A key step to change limiting beliefs is to identify a more useful belief. This is often the opposite of the old limiting belief. Also include the opposite core belief as well. These would be:

  • I am good enough.
  • I am worthy enough.
  • I deserve this.
  • The world is a safe place for me.
  • I am powerful and can influence my world.
  • Love and relationships equal pleasure.

Here are some examples of new empowering beliefs that also incorporate a new positive core belief.

  • I can find a partner that is perfect for me and have a pleasurable and happy relationship. 
  • I deserve to earn as much as I want and I have the mindset, skills and abilities to do that.
  • I am powerful and can influence my world by making small changes every day.

5. Identify The Emotional and Other Payoffs

We usually have some emotional benefits in keeping the limiting belief. These hold the limiting belief in place.

I Can’t Make Money

Let’s take the belief I can’t make more money and become rich, as an example. The emotional benefits or payoffs could be:

  • I can commiserate with friends who also say that they are poor.
  • I can give up trying to make more money and have an easy life instead.
  • I can avoid the extra perceived stress of becoming rich.

I Can’t Talk to the Opposite Sex

What about the limiting belief I can’t talk to the opposite sex? Some of the emotional payoffs could be:

  • I can enjoy going out with my mates.
  • I don’t need to embarrass myself again.
  • I can avoid the complications of being in a relationship.

I’m Bad at Exercise

For the example of being bad at exercise and fitness, some of the emotional benefits could be:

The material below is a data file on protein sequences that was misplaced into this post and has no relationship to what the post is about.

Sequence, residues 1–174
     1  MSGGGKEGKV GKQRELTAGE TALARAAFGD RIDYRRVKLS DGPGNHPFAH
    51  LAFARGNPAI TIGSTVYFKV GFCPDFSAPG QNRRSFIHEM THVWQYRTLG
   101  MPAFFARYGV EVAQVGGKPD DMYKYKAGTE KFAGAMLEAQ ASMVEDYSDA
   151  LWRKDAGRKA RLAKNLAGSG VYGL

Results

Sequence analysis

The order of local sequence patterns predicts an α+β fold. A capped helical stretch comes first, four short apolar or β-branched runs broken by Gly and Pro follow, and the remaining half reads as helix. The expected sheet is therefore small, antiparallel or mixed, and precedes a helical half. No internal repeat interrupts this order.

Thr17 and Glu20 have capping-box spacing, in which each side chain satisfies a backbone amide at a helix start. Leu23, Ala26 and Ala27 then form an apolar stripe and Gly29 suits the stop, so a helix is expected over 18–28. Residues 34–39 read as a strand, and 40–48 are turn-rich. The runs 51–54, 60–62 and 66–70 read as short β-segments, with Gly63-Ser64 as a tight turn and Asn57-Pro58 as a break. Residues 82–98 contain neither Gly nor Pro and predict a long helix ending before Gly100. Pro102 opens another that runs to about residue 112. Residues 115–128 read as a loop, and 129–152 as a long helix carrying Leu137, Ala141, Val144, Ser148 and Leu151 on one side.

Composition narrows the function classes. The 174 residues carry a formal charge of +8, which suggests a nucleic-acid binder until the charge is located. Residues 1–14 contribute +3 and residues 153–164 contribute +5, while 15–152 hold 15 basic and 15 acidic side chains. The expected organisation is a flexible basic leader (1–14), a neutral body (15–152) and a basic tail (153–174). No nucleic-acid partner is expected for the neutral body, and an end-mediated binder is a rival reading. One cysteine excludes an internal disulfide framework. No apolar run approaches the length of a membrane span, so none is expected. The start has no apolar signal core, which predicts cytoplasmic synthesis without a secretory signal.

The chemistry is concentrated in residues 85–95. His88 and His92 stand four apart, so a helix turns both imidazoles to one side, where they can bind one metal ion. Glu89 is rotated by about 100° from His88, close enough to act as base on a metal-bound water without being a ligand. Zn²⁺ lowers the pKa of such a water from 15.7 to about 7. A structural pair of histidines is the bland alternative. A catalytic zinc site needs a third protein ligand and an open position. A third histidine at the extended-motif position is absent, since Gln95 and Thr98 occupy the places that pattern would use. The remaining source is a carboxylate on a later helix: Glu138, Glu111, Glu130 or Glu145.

• It feels comfortable not doing it.
  • I don’t have to put in the work and experience the pain.
  • I don’t need to worry about accidentally injuring myself.

6. Decide If the Emotional Payoff Is Still Worth It

Look at the emotional payoffs that you’ve identified in step 5. Decide whether the limiting belief is worth keeping. If it is, that’s fine. You can stay with that belief.

But if you decide that it’s not, then it’s time to change that belief right now. The act of deciding will start to dissolve that emotional superglue that’s keeping the limiting belief in place.

7. Reframe Existing Evidence

Remember, a belief is our best interpretation based on the evidence we had at the time. But things change. So it’s time to look at the evidence and interpret it in a new way.

Play devil’s advocate! Go and find a different meaning to the existing evidence.

Money Example

Here are some reframes for the money example.

  • Commiserating with friends who are also poor is going to get boring after a while, and it won’t help me.
  • Having an easy life could be nice, but I would never feel truly happy. I would have this nagging doubt in my mind that I could have achieved more.
  • Having a lot of money makes life so much easier.

You can see how I’m reframing the existing evidence here and giving it a new meaning.

Exercise Example

Let’s reframe the evidence around a limiting belief of exercise.

  • If I take things steadily and sensibly, the risk of injuring myself is minimal.
  • I could hurt myself more in the long term by not being active.
  • Anything new feels uncomfortable. Doing what’s uncomfortable builds up mental and physical resilience, and will help me reduce stress.

8. Find New Evidence to Support the New Belief

We’ve already reframed existing evidence. Now we’re going to look for new evidence.